Before minivans and crossovers, there were family station wagons. Typically bulky, and by most accounts, unattractive, these people movers get little respect from today's collectors, who are looking for high-performance, sporty cars. However, Woodies are the exceptions to the rule. During their heyday, in the '30s and '40s, these premium vehicles, with their unique design of wood against shiny metal, were manufactured by most car companies in limited quantities. The few surviving Woodies have become blue chip collectibles, and now command premium prices. Here are some of these station wagons, with flair.
Since Woodies have been favorites of hot rodders, many Ford Woodies have been radically customized with flashy paint schemes, performance upgrades, and plush interiors. However, the few restored originals that still exist have become sought-after classics that are welcome in both museums and Concours events. Ford continued to build them until the early '50s, longer than most other car manufacturers.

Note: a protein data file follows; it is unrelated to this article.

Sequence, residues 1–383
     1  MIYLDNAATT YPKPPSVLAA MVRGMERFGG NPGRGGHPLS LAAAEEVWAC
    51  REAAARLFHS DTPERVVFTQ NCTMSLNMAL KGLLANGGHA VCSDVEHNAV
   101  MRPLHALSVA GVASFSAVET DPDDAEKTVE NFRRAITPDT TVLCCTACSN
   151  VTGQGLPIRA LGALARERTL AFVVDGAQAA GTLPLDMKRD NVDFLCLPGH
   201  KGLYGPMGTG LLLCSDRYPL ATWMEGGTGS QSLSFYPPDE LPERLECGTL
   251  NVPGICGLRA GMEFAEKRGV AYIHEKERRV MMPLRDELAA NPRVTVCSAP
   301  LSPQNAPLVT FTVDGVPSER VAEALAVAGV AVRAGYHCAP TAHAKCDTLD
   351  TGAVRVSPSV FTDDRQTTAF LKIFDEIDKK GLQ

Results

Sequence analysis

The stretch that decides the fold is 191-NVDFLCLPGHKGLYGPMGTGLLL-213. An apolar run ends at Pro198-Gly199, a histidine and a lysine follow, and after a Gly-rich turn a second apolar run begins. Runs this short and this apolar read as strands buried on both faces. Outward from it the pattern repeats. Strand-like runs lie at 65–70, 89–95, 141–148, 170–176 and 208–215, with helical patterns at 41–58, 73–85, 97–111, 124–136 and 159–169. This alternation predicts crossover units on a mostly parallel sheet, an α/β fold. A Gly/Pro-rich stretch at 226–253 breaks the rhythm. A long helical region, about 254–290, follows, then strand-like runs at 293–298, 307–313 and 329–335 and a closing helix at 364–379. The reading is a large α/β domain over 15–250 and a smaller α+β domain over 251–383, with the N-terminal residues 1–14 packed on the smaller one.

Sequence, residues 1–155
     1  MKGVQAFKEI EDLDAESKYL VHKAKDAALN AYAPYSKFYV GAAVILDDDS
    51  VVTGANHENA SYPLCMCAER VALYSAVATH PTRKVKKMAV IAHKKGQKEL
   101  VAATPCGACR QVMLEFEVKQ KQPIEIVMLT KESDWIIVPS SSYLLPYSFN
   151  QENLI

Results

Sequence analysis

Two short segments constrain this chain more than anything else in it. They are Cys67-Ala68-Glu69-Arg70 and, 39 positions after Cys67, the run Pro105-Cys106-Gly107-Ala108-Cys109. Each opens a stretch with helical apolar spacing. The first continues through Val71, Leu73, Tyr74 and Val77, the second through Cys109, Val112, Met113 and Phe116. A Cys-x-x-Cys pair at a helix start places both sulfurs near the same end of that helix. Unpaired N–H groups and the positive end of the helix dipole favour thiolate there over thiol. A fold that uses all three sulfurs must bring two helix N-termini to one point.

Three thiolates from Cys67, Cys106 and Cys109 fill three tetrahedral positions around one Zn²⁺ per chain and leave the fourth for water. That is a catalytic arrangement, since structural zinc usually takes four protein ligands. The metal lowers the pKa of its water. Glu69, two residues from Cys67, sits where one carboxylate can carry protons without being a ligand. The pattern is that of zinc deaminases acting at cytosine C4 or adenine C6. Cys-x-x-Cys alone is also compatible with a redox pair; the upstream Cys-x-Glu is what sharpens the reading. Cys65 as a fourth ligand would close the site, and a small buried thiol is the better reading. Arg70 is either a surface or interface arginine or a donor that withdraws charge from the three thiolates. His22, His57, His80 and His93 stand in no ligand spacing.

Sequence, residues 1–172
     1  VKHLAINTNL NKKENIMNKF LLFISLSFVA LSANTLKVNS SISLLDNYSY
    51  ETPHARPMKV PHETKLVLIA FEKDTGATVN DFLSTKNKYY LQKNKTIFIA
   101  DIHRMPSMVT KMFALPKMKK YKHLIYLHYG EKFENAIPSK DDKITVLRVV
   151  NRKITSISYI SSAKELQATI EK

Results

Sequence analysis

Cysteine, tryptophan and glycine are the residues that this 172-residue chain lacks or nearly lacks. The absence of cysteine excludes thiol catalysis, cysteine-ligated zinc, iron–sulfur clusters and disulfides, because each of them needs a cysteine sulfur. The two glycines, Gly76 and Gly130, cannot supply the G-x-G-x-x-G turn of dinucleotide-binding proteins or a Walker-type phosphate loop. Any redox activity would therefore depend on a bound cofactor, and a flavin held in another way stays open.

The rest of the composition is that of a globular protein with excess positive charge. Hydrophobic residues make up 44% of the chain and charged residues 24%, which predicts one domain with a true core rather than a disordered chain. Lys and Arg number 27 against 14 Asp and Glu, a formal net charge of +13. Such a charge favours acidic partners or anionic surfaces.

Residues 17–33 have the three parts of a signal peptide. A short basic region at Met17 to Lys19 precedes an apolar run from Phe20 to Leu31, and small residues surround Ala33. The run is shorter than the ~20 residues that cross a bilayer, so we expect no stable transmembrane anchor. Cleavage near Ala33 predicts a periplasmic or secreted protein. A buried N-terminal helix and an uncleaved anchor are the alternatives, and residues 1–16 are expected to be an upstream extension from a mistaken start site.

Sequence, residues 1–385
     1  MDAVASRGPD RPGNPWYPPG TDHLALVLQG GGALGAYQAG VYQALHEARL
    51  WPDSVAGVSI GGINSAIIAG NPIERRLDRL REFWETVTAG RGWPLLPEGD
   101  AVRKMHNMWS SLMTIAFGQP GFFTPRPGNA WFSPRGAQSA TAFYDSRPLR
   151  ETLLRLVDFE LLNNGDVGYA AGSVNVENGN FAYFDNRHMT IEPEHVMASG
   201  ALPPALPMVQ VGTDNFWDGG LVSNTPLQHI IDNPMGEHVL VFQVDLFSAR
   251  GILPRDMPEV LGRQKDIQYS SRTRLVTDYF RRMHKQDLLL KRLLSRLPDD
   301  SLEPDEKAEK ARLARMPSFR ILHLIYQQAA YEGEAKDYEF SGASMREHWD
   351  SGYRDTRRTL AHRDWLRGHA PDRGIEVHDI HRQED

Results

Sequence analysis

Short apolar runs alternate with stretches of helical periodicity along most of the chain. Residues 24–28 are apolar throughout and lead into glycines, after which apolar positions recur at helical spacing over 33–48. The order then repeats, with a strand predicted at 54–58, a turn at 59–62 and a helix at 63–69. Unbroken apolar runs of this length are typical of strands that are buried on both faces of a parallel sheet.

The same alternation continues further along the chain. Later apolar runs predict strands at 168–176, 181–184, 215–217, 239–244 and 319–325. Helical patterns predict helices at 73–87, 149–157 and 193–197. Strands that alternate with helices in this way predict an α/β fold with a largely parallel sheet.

At a recent collector car auction, a perfectly restored 1948 Oldsmobile Deluxe Series 1968 Woodie rolled across the stage, loaded with all the gear needed for a family outing in the country, including a vintage picnic basket. The winning bid for this car was $61,000, illustrating the value of these uniquely-crafted vehicles. Cousins to the Olds, the Pontiac Streamliner and Buick Super Estate, of the same era, have recently been spotted at major car events. These rare Woodies represent some of the most expensive cars sold by GM, following the restart of automobile manufacturing after World War II.
Chrysler Town and Country Woodie
Although Chrysler also built Woodie wagons, they are, perhaps, best known for their 1947 and 1948 Town and Country sedans and convertibles. To add a splash of fun to the base car design, these cars, similar to the wagons, have rich-looking wood side panels. Chrysler's Town and Country models are regularly seen at national collector car auctions, with bids on some coming in at more than $100,000.
Driving or riding in a Packard would certainly get you noticed in the early '40s. That's why some upscale hotels of the day used the stylish Packard Woodies to transport guests to and from train stations. Earlier this year one of these stately cars, a 1940 model, sold at auction for $220,000.